30 Day Countdown to the Appalachian Trail
When I first decided to thru-hike the Appalachian Trail over a year ago, it seemed like an eternity away. At the time that was a good thing. I needed to prepare in every way possible. Now, with only 30 days until I hit the approach trail to Springer Mountain, it is finally starting to sink in. Come early February, I will be taking on the greatest challenge of my life. Keep reading to see what the next month will consist of for me!
I would not classify myself as an athlete or an overly fit person. There have definitely been phases in my life where I’ve been all about fitness, but not as of recent. Getting in shape and building stamina is not crucial, but I know it will be very helpful. I am trying to do all I can now to help make the first few weeks of “getting my trail legs” a little smoother. Here’s what I have been and will continue doing to physically prepare for my AT thru-hike:
- Hike 5-10 miles a few times per week with my gear-filled pack.
- Take 2-3 classes at Orangetheory Fitness, which is a one hour, full-body, group workout.
- Since I live in Florida where there is little to no elevation, I focus on doing inclines on the treadmill whenever possible.
Being mentally ready to take on a feat like thru-hiking the AT is so important. This is something I’ve been focusing on for the past year and it is safe to say I feel ready. If you are wanting to mentally prepare but are not sure where to start, I definitely recommend reading Appalachian Trials by Zach Davis. This was my starting point and it gave me some great insight as to what lies ahead for me. In addition to reading and doing TONS of research, here are some other ways I’ve been preparing in this final stretch:
- Shakedowns- The best way to understand how you will feel on the trail is to put yourself in the same settings. Get out and spend several days using your gear and hiking daily. Don’t just hike when it’s nice and sunny. Get out there when it’s raining. Get out there when it’s cold. Just get out there!
- Take the time to read up or watch videos of some past successful thru-hikers. Feedback from someone who has already done what you are about to do can be the most beneficial trail information you hear.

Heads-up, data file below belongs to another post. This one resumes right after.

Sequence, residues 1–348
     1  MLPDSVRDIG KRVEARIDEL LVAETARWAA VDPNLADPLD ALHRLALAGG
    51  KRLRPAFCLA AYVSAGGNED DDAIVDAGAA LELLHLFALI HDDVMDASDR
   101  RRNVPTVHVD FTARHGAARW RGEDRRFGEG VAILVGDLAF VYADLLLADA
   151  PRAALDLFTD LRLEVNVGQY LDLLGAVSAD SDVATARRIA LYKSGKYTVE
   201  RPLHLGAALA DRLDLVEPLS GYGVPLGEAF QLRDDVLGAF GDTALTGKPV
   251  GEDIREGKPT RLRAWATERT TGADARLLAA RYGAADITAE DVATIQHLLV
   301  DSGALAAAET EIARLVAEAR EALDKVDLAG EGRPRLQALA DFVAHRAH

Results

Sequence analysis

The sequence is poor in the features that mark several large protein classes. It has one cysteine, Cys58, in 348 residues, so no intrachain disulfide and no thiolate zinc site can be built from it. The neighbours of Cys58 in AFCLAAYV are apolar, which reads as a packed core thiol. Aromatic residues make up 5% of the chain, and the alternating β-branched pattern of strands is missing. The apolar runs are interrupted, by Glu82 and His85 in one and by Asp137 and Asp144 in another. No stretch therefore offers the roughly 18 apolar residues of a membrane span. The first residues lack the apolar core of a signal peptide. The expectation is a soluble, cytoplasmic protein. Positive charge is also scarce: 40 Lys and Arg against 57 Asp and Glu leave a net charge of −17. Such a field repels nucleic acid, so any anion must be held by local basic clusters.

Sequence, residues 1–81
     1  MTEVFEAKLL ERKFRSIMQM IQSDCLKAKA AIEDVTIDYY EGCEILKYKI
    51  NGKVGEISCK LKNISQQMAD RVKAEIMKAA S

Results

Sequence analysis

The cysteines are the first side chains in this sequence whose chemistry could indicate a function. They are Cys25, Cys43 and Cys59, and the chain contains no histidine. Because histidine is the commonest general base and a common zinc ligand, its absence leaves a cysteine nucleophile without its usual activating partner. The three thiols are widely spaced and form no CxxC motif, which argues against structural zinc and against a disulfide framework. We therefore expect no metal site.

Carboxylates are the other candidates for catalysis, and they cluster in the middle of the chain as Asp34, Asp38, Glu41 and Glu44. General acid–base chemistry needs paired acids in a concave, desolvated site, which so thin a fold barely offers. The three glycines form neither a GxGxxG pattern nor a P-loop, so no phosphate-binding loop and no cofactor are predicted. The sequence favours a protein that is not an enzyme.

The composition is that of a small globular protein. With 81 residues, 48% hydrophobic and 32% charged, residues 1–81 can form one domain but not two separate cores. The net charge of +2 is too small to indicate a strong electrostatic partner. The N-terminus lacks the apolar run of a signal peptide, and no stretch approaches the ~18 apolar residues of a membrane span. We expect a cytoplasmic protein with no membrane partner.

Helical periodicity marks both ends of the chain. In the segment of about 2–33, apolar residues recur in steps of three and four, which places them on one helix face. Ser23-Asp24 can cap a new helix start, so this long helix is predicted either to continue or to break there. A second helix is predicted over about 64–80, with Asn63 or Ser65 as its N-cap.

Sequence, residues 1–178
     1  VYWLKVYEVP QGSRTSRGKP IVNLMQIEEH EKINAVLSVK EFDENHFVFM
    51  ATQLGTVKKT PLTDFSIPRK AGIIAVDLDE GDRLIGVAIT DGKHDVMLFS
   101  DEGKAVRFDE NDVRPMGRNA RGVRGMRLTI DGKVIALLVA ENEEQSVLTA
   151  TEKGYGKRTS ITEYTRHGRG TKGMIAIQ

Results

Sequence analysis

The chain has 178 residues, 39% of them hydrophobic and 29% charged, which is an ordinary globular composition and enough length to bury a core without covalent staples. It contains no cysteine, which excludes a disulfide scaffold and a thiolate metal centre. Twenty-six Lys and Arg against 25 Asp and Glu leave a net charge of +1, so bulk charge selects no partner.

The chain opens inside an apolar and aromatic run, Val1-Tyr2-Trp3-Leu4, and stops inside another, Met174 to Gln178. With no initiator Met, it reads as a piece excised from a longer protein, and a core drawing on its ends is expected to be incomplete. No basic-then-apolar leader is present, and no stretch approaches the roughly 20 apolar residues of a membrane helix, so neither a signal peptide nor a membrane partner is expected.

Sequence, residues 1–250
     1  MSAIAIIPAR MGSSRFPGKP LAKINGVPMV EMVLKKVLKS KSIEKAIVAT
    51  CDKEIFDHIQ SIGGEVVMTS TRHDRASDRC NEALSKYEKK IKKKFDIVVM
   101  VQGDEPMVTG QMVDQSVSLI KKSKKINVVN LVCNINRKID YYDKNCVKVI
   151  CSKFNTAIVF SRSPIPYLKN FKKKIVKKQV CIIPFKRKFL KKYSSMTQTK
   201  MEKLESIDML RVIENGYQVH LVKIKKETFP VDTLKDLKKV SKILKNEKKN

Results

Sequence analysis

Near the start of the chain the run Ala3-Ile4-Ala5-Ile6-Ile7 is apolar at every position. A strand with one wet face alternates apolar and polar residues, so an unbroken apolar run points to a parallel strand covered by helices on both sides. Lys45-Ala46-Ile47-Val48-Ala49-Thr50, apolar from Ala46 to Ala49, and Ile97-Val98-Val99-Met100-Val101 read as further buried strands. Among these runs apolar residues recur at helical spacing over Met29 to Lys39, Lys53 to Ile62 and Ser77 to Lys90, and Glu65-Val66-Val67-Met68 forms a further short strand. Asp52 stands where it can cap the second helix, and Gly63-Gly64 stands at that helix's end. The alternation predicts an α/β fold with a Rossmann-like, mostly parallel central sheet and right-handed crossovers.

- Consider what might be my breaking points on the trail. I think it’s important to know what could put me over the edge and understand how I can overcome these obstacles if it happens.
Tie Up Loose Ends
In order to leave my normal life behind for six months, there are a few final things I need to take care of. I was working two full-time jobs up until a week ago in order to save up for the trail. Now, I am only at one and will be finishing up my employment in the next two weeks. This short time between now and the trail will be for me to finalize anything that needs to be done. Here are some of the things I am currently or will be taking care of in the next 30 days leading up to the trail:
- Set up autopay on any bills that I can, and make a plan to ensure I can pay the rest as I go.
- Cancel/freeze any unnecessary subscriptions. If you won’t need it on the trail, why pay for it?
- Arrange long term care for my fur babies. Unfortunately, my two pups will be staying at different homes while I am hiking the AT, but they will both be in great hands! I made sure to get a seven month supply of food and flea medications for them.
- Make tough final gear decisions. I personally am on the fence with the shoes I’ve chosen as well as deciding between some of the hiking clothes I have recently purchased. I’ll be really putting these items to the test to be sure I pick the best gear for me.
Take it One Day at a Time
With all the last-minute tasks and final preparation, I know these 30 days will fly by. I am just so ready to be out there that it’s hard to remember that I still need to be present in what I have going on until it’s time to hit the trail. Here’s to hoping everything goes smoothly until departure day!
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